The Bichon Frise is a sweet, lively little dog that originated somewhere in the Mediterranean around the 13th century. This is a good breed for people who are allergic to dogs, because there is generally little to no shedding and thus little to cause allergies.
Even though Bichon Frise are generally non-shedding, a grooming routine should still be done on a regular basis. This is because these dogs not only have a beautiful, fluffy top coat, but a soft and dense undercoat as well.
How to Start Grooming a Bichon Frise
Like every dog, a Bichon Frise should become used to grooming when it’s a puppy. Regular grooming and handling will help it bond with its owner, and will help it be more relaxed around a professional dog groomer.
Another benefit of regular Bichon Frise grooming is that the owner can check the little dog’s health.
Bichons will start off being groomed on their owner’s lap, but eventually they’ll have to be put on a grooming table. At first these sessions shouldn’t be more than ten or fifteen minutes long, and if the Bichon is as energetic as they often are, it should be scheduled after a walk or some strenuous play time.
The owner should lavishly praise the dog for standing still and at the end give it an especially delicious treat. You can learn what is required for Bichon grooming quite quickly with the help of these pointers.
Bichon Frise Grooming Tools
Groomers generally require a wide range of dog grooming equipment. But the tools needed for Bichon Frise grooming specifically include:
- A slicker brush, which is a brush with hundreds of short wires embedded in a rubber backing. Since the Bichon is a small dog, the owner might want to get a gentle sort of slicker with softer bristles.
- A double sided stainless steel comb.
- The right doggy shampoo & conditioner.
This coat care kit can save you time shopping for the essentials:
If you have the right equipment to start off with, you will find grooming a Bichon much more manageable.
Managing Bichon Frise Grooming at Home
Brushing a Bichon Frise
The owner or groomer should brush all along and around the dog’s body and start at the same place every time so no spots are missed. Brushing dogs usually involves going with the grain of the coat, but the Bichon can be brushed against the grain, so that its fur is fluffed. Brush all the way to the skin and don’t neglect places behind the ears, tail and armpits, where matting can occur.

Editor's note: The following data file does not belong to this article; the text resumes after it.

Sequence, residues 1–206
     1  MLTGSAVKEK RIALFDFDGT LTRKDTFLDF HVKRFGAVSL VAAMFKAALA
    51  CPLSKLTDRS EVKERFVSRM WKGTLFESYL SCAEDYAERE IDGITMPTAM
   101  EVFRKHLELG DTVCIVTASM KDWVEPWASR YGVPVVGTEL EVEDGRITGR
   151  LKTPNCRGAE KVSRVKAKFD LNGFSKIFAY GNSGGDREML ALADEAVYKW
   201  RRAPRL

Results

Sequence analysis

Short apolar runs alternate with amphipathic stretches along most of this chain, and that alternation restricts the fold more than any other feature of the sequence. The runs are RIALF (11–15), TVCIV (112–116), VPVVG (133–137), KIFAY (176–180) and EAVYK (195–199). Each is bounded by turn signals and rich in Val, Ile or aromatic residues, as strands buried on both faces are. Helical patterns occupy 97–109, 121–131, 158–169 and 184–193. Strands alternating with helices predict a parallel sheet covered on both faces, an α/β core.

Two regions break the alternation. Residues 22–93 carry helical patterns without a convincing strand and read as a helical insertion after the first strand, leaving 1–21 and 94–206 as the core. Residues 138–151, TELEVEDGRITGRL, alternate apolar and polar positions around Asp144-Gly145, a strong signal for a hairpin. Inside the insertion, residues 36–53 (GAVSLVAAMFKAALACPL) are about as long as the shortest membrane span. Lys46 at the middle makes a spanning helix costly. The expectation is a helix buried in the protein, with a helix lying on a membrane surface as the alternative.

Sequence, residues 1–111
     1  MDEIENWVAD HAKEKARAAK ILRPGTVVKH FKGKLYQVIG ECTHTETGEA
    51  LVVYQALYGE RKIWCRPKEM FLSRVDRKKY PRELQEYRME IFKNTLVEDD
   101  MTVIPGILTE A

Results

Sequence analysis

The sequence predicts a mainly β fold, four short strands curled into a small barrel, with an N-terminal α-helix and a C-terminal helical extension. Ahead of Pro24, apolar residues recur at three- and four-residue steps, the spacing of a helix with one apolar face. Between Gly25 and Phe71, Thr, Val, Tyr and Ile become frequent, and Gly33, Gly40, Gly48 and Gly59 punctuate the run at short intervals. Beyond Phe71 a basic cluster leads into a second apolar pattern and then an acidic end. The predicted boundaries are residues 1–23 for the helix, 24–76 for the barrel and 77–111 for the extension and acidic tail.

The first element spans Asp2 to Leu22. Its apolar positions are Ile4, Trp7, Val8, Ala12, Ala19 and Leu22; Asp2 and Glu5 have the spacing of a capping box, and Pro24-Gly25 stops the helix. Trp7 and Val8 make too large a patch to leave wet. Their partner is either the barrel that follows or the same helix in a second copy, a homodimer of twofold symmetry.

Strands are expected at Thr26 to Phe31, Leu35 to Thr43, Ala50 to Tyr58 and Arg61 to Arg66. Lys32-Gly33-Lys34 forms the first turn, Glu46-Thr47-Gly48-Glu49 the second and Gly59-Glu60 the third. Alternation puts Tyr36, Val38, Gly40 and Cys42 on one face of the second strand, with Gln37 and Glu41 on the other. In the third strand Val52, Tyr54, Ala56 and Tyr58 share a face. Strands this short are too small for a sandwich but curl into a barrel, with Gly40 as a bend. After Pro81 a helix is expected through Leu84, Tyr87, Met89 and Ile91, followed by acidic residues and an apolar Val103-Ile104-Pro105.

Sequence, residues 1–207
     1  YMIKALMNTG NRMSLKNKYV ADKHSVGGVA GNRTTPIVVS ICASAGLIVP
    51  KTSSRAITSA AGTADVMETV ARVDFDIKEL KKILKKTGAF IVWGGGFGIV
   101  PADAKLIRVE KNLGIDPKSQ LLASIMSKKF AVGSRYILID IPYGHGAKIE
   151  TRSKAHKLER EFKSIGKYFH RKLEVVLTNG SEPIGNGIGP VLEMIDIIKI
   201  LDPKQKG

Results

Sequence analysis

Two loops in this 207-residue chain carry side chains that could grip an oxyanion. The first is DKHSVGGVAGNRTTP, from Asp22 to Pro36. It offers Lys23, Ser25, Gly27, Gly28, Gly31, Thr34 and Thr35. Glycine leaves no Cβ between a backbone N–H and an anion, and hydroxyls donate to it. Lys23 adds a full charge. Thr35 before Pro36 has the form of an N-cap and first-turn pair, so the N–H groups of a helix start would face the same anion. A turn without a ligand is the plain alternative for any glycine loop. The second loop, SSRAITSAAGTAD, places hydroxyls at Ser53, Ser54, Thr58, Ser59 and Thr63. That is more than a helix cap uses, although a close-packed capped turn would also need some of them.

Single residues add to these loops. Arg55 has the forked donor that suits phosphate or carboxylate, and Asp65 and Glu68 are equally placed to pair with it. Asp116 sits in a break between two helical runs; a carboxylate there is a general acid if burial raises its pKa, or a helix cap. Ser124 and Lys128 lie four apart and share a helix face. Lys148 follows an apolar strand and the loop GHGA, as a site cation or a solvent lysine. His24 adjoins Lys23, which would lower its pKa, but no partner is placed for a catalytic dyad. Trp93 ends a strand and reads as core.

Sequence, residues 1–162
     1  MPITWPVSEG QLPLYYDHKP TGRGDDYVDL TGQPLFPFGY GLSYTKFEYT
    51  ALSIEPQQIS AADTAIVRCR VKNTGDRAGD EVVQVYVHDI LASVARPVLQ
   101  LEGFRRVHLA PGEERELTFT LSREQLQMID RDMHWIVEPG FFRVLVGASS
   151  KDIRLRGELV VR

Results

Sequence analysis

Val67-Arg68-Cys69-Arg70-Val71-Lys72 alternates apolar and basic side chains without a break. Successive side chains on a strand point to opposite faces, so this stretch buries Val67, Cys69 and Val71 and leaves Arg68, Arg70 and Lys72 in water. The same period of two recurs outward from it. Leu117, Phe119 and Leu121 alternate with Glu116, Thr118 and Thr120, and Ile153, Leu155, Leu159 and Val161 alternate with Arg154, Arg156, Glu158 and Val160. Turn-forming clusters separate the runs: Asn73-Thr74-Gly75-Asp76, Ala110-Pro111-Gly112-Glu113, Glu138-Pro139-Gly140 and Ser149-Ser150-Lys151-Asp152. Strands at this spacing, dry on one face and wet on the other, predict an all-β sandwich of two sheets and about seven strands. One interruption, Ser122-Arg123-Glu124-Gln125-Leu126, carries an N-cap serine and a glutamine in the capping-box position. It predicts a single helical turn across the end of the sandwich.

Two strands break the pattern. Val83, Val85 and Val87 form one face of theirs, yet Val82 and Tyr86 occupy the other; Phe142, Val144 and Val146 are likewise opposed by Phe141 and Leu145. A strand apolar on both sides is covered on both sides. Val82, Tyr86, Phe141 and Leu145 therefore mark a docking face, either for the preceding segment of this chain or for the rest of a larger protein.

Combing the Bichon Coat
After brushing, use the comb to see if any tangles or mats remain. If you find any, gently work them out, using either the fingers, or the end of the comb. Professional groomers use mat combs, which are quite sharp and should be used with care. The groomer should teach the owner how to use this tool the right way.
Taking Care of Bichon Frise Tear Staining
Bichon Frises, like other Bichon dogs, are susceptible to tear staining. Use a damp cotton swab to remove the stain.
Trimming Bichon Nails
The Bichon’s nails should also be kept trimmed. The owner can start with human nail clippers and just snip off the very end of the nail. Later, the Bichon should get a monthly pedicure at the groomer’s.
Cleaning Bichon Ears
The Bichon’s ears should also be cleaned as part of your grooming routine. The owner should use a cotton ball or soft tissue moistened with ear cleanser made for dogs and very gently clean wax and dirt out of the ear. Don’t use cotton tipped swabs because it’s too easy to poke them into the dog’s ear and cause injury. Hair inside the Bichon’s ears can be clipped with scissors, or plucked out.
Brushing Bichon Teeth
The Bichon’s teeth should be brushed every day. There are actually doggy toothbrushes or little finger booties the owner can use to do this, along with doggy toothpaste, which tastes like beef or chicken.
When to Attend a Salon for Bichon Frise Grooming
A Bichon Frise should have its first visit with a professional groomer when it’s between two and three months old, before it has its second series of shots.
Gifts for the Bicon Frise Owner
~ Guest & DGCO ~